In this study, researchers from Stanford University School of Medicine find that the initial COVID-19 shutdown from March through April 2020 resulted in a decrease in surgical volume to nearly half of baseline rates. After the reopening, surgical volume rebounded to 2019 levels, and the trend was maintained.
Analyzing more than 13 million surgical procedures in the US from January 1, 2019, through January 30, 2021, researchers found there was a 48% decrease in surgical procedure volume across all major categories immediately after elective procedures were halted in March 2020.
Otolaryngology, cataract, and musculoskeletal procedures decreased the most; there was no difference in organ transplants and cesarean deliveries.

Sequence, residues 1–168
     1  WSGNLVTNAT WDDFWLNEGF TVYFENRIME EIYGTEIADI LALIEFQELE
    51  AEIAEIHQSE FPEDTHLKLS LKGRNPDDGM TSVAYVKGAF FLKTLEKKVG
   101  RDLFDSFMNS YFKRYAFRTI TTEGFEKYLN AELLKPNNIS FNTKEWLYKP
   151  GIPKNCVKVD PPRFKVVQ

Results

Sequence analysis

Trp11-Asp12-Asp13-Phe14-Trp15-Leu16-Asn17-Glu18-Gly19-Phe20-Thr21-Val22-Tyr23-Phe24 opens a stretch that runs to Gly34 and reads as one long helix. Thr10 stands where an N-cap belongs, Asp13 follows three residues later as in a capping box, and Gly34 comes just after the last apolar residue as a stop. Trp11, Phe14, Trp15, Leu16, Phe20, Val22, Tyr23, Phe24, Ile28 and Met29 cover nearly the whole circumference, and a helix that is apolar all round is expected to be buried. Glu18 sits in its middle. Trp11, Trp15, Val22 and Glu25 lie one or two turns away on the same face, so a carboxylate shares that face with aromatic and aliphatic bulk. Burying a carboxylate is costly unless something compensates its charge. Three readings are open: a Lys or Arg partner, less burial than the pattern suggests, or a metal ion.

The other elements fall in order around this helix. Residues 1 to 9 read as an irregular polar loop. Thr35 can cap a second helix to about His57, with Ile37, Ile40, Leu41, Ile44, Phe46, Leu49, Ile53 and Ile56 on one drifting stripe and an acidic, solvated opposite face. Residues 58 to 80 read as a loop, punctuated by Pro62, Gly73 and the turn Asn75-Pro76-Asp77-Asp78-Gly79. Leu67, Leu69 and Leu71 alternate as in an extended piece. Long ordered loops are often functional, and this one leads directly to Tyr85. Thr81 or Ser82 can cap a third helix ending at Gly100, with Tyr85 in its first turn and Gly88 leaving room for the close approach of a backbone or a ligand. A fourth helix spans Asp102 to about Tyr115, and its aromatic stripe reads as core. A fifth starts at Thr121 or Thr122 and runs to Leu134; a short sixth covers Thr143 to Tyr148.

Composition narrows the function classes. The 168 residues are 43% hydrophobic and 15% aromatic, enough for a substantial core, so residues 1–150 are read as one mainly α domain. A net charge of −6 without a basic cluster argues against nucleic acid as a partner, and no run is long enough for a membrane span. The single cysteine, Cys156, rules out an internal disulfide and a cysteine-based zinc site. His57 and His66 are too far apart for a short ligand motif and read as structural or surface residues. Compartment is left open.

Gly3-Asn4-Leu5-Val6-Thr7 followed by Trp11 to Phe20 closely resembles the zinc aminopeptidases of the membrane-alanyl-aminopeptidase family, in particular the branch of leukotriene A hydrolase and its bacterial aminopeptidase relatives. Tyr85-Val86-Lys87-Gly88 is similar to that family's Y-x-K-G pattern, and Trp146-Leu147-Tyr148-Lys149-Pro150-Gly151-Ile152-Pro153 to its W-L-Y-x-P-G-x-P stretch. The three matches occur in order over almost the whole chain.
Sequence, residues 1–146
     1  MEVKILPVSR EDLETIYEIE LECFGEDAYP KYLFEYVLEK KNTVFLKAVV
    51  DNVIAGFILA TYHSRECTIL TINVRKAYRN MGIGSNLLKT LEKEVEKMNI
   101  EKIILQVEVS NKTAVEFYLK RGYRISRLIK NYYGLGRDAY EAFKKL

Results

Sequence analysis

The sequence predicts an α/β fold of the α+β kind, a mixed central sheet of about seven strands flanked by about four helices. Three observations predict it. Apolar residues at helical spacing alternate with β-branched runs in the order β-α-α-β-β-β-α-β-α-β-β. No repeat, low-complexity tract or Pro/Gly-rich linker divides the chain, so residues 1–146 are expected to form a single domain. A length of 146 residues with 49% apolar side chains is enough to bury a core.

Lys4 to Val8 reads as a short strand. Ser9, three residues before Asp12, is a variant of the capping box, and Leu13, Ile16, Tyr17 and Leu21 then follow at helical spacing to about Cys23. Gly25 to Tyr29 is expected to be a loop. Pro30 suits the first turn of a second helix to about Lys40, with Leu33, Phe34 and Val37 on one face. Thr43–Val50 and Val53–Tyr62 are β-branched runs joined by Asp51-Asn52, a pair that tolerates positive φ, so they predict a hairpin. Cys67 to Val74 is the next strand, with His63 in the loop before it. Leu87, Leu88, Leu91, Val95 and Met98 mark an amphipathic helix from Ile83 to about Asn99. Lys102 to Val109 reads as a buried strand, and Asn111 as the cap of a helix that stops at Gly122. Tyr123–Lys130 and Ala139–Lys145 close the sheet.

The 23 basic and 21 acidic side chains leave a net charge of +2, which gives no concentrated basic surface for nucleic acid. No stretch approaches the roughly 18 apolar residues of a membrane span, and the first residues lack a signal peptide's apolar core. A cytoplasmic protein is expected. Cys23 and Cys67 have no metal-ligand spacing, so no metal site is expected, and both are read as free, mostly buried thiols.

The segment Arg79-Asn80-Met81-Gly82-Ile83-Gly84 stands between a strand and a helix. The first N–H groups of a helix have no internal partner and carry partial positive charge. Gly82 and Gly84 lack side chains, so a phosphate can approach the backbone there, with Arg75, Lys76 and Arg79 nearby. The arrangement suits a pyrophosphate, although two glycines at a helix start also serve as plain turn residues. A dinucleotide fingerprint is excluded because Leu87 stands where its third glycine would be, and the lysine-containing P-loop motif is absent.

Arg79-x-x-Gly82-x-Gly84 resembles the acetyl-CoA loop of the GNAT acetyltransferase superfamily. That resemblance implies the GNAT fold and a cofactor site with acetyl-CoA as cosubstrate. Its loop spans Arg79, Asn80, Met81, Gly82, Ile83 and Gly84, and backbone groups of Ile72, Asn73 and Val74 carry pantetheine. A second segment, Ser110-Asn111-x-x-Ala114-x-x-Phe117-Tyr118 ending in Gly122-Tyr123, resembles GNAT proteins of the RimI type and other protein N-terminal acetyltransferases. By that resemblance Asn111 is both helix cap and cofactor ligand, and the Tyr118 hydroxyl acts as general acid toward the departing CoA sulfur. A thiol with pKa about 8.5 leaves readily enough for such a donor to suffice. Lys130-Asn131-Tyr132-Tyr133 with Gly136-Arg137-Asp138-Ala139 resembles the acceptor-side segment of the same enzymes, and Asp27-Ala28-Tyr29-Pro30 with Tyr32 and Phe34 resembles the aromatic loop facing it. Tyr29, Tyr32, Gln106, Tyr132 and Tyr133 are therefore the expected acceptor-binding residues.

After reopening, surgical procedure volumes rebounded to 2019 levels except for Otolaryngology procedures.
The findings suggest that healthcare systems learned to adapt and self-regulate, maintaining surgical volume during the COVID-19 surge from October 22, 2020, to January 31, 2021, the researchers say.Read More >>